Iron Carbide

Iron Carbide Iron carbide is a high melting point, non-pyrophoric, strongly magnetic synthetic compound obtained in granular or powder form. It is composed of three atoms of Fe and one atom C and its chemical formula is Fe3C. The commercial iron carbide consists of around 90 % total iron and around 6 % to 6.5 % of total carbon. The primary use of the product is as a metallic charge during steelmaking for substitution of hot metal, direct reduced iron, or steel scrap. Iron carbide is an intermetallic compound of iron and carbon. It is, more precisely, intermediate transition metal carbide. Its stoichiometric composition consists of 6.67 % carbon and 93.3 % iron (Fe) by weight. It has an orthorhombic crystal structure (Fig 1). It is a hard, brittle material and normally classified as a ceramic in its pure form. It is a frequently found and important constituent in ferrous metallurgy. While iron carbide is present in most steels and cast irons, it is produced as a raw material by the iron carbide process, which belongs to the family of alternative ironmaking technologies. Fig 1 Crystal of iron carbide Iron carbide is a premium quality feed for steelmaking in electric arc furnaces and basic oxygen furnaces. It is available as dark gray granules or powder. It offers matchless metallurgical advantages and outstanding cost savings. It has a density of 7.64 kg/cu m and is thus slightly denser than the liquid iron, which has a density of 6.98 kg/cu m. The iron carbide is composed of three atoms of Fe and one atom C and is also known as cementite. Cementite is an intermetallic compound which is hard, brittle, and metastable because it tends to decompose in ferrite (or austenite) and graphite according to the reaction Fe3C = 3 Fe + C. In fact, this transformation is not...

Competencies and development of competency framework for organization...

Competencies and development of competency framework for organization The greatest strength of an organization, and the key to its success, is the quality of its employees and their ability to thrive and fulfill their potential while delivering the output expected from them. The competency framework enables the organization to clarify expectations and to set standards for performance throughout the organization. It is a guide to help management and the employees to understand the behaviours and skills expected of them and what they are to strive for achieving them. The concept of competencies emerged during the early 1980s as a response to the organizational changes. This concept drives the organization towards higher performance levels. During the subsequent decades, competency frameworks have become an increasingly accepted part of modern HR (human resource) practice in the organizations. Competencies A competency is considered to be a cluster of related knowledge, skills, abilities, and characteristics which are related to the performance of a significant aspect of the practice of a profession. The term ‘competency’ is usually defined as a combination of skills, attributes and behaviours which are directly related to the performance on the job. They are important for all the employees regardless of occupation, function, or level. Competencies normally focus on the personal attributes or inputs of employees in the organization. They are the behaviours (and technical attributes where appropriate) which employees are to have, or are to acquire, for their effective performance at work. Competencies are broader concepts which encompass demonstrable performance outputs as well as behaviour inputs, and relate to a system or set of minimum standards required for the performance at the work. Competencies are means to provide organizational focus, as building blocks for human resource systems, and as methods for certifying attainment of various...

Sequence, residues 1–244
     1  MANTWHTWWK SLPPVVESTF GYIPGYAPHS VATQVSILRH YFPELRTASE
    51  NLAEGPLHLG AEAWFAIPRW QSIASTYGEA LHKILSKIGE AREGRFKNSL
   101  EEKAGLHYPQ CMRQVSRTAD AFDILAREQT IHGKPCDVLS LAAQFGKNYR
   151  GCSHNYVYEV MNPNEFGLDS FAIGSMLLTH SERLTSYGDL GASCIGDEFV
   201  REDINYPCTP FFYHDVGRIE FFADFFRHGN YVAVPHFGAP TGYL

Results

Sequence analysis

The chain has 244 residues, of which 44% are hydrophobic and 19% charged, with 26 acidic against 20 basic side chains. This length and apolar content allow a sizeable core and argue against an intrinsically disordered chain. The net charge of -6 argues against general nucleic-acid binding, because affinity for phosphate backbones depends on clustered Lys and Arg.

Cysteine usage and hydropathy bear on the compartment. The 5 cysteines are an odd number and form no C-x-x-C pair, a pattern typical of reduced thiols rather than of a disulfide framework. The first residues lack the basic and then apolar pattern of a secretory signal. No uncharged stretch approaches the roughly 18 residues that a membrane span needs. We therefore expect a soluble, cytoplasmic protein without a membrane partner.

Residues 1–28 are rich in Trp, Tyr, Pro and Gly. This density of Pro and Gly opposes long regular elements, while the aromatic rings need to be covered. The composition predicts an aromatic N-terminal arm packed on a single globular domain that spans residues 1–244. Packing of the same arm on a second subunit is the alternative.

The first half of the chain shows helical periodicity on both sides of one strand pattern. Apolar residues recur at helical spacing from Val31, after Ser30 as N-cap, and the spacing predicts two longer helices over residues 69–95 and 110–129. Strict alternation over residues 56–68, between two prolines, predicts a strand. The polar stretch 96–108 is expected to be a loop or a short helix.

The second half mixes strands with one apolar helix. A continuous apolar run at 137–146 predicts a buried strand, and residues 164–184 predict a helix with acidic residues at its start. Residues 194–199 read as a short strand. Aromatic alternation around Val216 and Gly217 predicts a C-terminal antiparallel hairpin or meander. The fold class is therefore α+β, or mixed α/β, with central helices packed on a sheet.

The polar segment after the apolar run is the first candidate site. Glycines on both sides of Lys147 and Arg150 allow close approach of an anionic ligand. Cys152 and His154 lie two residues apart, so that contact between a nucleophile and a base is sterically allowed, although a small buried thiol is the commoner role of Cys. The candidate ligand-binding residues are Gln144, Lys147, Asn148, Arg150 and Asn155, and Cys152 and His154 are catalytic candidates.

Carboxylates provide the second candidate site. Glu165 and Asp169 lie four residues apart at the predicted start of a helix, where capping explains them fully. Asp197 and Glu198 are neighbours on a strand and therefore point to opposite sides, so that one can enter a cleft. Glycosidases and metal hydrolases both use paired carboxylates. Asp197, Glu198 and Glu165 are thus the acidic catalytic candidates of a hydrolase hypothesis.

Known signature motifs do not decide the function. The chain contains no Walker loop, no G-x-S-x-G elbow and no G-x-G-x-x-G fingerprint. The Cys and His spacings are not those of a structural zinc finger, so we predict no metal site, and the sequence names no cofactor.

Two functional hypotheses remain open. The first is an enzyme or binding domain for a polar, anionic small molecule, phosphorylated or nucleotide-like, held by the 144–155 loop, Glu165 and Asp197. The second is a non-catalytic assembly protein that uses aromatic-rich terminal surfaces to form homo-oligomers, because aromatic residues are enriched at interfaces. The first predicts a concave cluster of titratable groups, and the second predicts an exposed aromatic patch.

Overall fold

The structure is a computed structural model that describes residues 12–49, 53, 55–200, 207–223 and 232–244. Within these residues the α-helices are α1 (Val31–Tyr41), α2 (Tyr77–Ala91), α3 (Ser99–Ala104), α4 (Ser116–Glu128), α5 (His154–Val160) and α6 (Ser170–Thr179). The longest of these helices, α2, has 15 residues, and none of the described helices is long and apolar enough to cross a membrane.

Process for Manufacturing of Iron Carbide Mar11

Process for Manufacturing of Iron Carbide...

Process for Manufacturing of Iron Carbide Iron carbide (Fe3C) is a high melting point, non-pyrophoric, strongly magnetic synthetic compound obtained in granular form. It consists of around 90 % total iron (Fe) and around 7 % total carbon (C). The primary use of the product is as a metallic charge during steelmaking for substitution of hot metal (HM), direct reduced iron (DRI), or steel scrap. The iron carbide process involves conversion of preheated fine iron ore particles to iron carbide. It reduces iron ore to iron carbide in a fluidized bed reactor, by contacting the iron ore with process gas consisting primarily of methane (CH4) and hydrogen (H2). The process for the manufacturing iron carbide was originally designed and developed at Hazen Research Inc. in Golden, Colorado, USA by the technical vice president Dr. Frank M. Stephens. The process involves reduction of preheated fine iron ore particles (0.1 mm to 1.0 mm) in a closed circuit fluidized bed reactor by preheated process gas containing CH4, H2, CO (carbon mono oxide), CO2 (carbon di oxide) and water vapour(H2O) at 600 deg C. A 50 mm diameter batch reactor was used for the laboratory tests. This was followed by continuous tests on a 600 mm diameter reactor. Iron ore samples from several countries were tested at Hazen. The product was successfully converted to steel by MEFOS in Sweden in a basic oxygen furnace (BOF) in 1979. After the initial laboratory tests at Hazen Research, Inc., Dr. Stephens applied for a patent and was issued on October 11, 1977 ‘US Patent No. 4,053.301’ by the Patent office of the United States. In 1985 Dr. Stephens retired and acquired the rights to the patent on the iron carbide. He formed a company by name ‘Iron Carbide Development Corporation’...